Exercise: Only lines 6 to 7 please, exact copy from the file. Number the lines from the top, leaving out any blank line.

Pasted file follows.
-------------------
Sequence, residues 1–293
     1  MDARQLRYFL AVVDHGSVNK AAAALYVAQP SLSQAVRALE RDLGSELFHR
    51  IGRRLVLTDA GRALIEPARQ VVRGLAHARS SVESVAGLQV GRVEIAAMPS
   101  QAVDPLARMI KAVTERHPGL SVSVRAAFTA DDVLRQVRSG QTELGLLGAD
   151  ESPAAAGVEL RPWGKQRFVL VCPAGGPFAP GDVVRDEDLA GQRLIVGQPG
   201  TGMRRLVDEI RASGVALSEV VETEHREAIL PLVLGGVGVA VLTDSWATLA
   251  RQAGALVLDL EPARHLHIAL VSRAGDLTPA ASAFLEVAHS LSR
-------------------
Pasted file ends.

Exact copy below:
   201  TGMRRLVDEI RASGVALSEV VETEHREAIL PLVLGGVGVA VLTDSWATLA
   251  RQAGALVLDL EPARHLHIAL VSRAGDLTPA ASAFLEVAHS LSR